The Hawks seemingly did everything they could do to narrow the gap, especially in the second half. They pushed in transition off misses and turnovers (a 24-7 fastbreak point margin), crashed the glass (a 17-11 second chance margin), and got into the paint (a sky high 62-32 margin) all in Atlanta’s favor. But when the opponent was scorching hot on all jump shots, it was all for naught.
Atlanta was able to close a late 14-point deficit down to four and five points respectively within the final three minutes. Off an errant entry pass, the Hawks raced down and hit Hunter for a wide open three to cap a 9-0 run and cut the margin to four points.
The Clippers responded to push the lead back to nine with just under a minute to play. But an offensive rebound and make for Clint Capela led to a difficult inbound with Atlanta putting on a full court press. Hunter stole the ball around half court and put up an airball three that Trae Young was in position to put back.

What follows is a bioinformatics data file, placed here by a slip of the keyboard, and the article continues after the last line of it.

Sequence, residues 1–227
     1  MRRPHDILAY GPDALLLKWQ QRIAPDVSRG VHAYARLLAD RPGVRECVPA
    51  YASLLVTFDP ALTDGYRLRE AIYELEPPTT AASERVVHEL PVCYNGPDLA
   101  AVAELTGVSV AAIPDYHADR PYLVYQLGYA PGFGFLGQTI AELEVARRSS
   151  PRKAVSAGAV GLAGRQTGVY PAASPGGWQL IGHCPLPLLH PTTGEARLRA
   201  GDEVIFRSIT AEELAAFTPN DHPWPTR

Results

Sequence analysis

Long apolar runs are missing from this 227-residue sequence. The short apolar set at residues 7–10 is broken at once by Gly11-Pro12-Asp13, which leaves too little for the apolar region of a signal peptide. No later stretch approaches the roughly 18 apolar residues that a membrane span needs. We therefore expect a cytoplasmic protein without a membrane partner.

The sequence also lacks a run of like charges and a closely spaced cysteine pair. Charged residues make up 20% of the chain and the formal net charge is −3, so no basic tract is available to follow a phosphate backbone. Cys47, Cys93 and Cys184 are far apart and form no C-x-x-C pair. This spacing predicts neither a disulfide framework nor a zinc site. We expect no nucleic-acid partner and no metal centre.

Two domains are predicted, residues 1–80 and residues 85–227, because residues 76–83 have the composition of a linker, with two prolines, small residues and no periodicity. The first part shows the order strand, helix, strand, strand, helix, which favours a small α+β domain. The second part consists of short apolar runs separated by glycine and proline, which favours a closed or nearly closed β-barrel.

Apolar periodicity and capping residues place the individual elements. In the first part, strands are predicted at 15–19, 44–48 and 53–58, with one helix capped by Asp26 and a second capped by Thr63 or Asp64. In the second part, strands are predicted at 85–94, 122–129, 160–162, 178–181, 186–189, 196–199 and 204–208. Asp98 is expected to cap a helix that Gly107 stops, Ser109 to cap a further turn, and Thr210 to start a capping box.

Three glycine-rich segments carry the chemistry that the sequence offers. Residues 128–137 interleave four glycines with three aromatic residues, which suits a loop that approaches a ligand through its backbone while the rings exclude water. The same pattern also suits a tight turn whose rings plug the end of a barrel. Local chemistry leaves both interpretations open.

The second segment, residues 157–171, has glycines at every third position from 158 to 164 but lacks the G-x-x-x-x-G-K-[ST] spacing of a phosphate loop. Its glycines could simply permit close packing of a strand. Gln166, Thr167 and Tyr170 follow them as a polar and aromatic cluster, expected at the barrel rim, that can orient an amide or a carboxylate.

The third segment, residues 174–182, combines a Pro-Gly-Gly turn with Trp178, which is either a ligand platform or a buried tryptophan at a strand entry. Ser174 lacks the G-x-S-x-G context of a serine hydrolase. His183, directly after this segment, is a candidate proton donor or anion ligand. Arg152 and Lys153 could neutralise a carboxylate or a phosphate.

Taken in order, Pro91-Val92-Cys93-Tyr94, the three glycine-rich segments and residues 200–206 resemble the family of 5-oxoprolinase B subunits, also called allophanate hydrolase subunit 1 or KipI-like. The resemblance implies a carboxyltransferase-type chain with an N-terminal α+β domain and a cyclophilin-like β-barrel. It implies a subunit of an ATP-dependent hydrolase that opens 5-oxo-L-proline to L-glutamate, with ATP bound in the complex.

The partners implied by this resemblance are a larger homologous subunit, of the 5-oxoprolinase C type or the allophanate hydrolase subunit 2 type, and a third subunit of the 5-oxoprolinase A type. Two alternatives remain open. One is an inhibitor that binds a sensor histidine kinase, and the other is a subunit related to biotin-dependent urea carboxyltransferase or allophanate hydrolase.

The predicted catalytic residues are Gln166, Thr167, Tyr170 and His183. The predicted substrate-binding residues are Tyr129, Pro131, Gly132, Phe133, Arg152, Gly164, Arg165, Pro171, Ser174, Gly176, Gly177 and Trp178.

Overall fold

But the door on the game was firmly shut after two Paul George makes at the free throw line, and the Hawks fell 25-25 with the loss.
“They’re hitting threes and we’re hitting twos,” noted Young about the scoring location disparity. “They hit twelve more threes.”
Head coach Nate McMillan was asked about the refereeing affecting the play of his team, saying, “it starts feeling like calls are not going your way. We have someone over there with a video that is telling me when we should challenge. So we’re looking at that. You can basically challenge every call that’s made. But you can’t allow the officiating for the tough, physical play to become a distraction.”
With just 32 games left to to play in the regular season, the Hawks have a .500 record and find themselves eighth in the Eastern Conference standing. There is certainly still time for a late push towards a top-6 seed, and a completely healthy squad is a good first step toward that goal. But the Hawks are faced with a long two week road trip that begins late Monday night in Portland. Despite the loss, the Hawks played well and will have to keep that same intensity going forward as they look toward qualifying for the postseason for the third season in a row.